Citizenship for All People Adopted Internationally to the US

March 8, 2018

The most basic purpose of international adoption is a pledge to give a child a new home and a new country.  Yet, an estimated 35,000+ adoptees to the US, through no fault of their own, may have never received citizenship.  

Arriving to the United States as children, they relied on the government, adoption agencies, and their new families to ensure this pledge was fulfilled.  Today, as adults, they are treated as illegal immigrants – confronted with severe hurdles to employment, denial of government services, and ineligibility to vote. Further, and of greatest concern, they face the very real possibility of deportation back to a country they may have no memory of, nor cultural or language ties to – a fate that has befallen multiple adoptees.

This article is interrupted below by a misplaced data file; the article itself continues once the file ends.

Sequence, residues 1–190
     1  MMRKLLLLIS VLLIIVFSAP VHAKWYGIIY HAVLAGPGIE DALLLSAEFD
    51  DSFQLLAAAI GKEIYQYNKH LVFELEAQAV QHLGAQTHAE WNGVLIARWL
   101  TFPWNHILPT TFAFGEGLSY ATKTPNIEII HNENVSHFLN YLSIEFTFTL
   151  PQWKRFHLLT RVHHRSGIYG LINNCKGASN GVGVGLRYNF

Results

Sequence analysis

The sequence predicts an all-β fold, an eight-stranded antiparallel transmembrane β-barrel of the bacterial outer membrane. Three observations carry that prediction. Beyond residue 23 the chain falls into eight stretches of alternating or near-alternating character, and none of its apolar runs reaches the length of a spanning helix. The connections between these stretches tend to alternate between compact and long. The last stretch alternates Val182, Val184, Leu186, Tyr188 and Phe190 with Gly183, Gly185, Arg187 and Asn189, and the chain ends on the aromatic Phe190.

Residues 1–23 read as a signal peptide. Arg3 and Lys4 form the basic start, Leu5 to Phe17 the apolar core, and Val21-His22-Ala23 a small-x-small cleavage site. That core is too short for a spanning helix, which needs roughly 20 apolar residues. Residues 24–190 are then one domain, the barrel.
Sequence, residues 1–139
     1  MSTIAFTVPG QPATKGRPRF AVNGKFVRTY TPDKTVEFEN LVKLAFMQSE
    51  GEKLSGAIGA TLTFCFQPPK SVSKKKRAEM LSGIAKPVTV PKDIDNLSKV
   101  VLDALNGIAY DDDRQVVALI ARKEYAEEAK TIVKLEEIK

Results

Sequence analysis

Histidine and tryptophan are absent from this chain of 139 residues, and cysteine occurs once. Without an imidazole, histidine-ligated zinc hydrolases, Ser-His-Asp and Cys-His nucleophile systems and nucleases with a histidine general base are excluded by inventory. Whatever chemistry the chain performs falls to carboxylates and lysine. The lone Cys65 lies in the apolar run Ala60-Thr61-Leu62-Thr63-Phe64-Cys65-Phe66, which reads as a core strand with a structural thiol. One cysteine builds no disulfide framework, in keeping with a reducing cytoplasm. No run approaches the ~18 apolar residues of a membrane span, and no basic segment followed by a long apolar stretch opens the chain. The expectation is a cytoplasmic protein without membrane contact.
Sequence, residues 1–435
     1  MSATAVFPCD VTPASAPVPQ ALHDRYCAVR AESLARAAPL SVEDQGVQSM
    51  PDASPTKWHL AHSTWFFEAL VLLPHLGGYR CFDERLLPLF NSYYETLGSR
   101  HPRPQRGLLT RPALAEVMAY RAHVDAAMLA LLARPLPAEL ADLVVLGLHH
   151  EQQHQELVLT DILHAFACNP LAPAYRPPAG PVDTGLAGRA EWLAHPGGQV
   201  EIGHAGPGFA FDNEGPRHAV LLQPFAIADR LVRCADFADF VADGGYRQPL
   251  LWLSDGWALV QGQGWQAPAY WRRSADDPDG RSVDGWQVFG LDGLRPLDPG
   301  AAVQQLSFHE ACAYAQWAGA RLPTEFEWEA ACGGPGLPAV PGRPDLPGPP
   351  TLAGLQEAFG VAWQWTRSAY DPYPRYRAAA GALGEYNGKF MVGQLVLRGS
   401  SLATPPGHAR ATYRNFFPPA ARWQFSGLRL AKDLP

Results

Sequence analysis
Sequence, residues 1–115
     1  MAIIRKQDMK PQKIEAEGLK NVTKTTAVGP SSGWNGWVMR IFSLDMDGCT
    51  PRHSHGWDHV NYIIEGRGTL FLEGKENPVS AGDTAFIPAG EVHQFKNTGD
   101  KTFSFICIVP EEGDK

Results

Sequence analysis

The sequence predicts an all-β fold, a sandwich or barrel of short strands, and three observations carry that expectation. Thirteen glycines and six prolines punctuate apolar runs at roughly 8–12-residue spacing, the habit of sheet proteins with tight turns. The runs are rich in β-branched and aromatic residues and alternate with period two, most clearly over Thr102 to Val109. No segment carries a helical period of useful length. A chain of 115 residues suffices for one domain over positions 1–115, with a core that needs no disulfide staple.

Adoptees were the only participants in adoption with absolutely no responsibility for or control over obtaining citizenship, but are the ones being forced to bear all of the cost for its failure to be fulfilled. In 2001, the US government recognized the unfairness and inhumanity of this situation, and passed the Child Citizenship Act.  Sadly, the Act was a half-measure, only covering children adopted since 1983.

Also-Known-As strongly advocates that, because they should have been given citizenship when they arrived legally in the US via adoption, all international adoptees who do not yet have citizenship should be granted it immediately, retroactive to their date of adoption.  Legal and government fees to process the naturalization of these adoptees should be waived.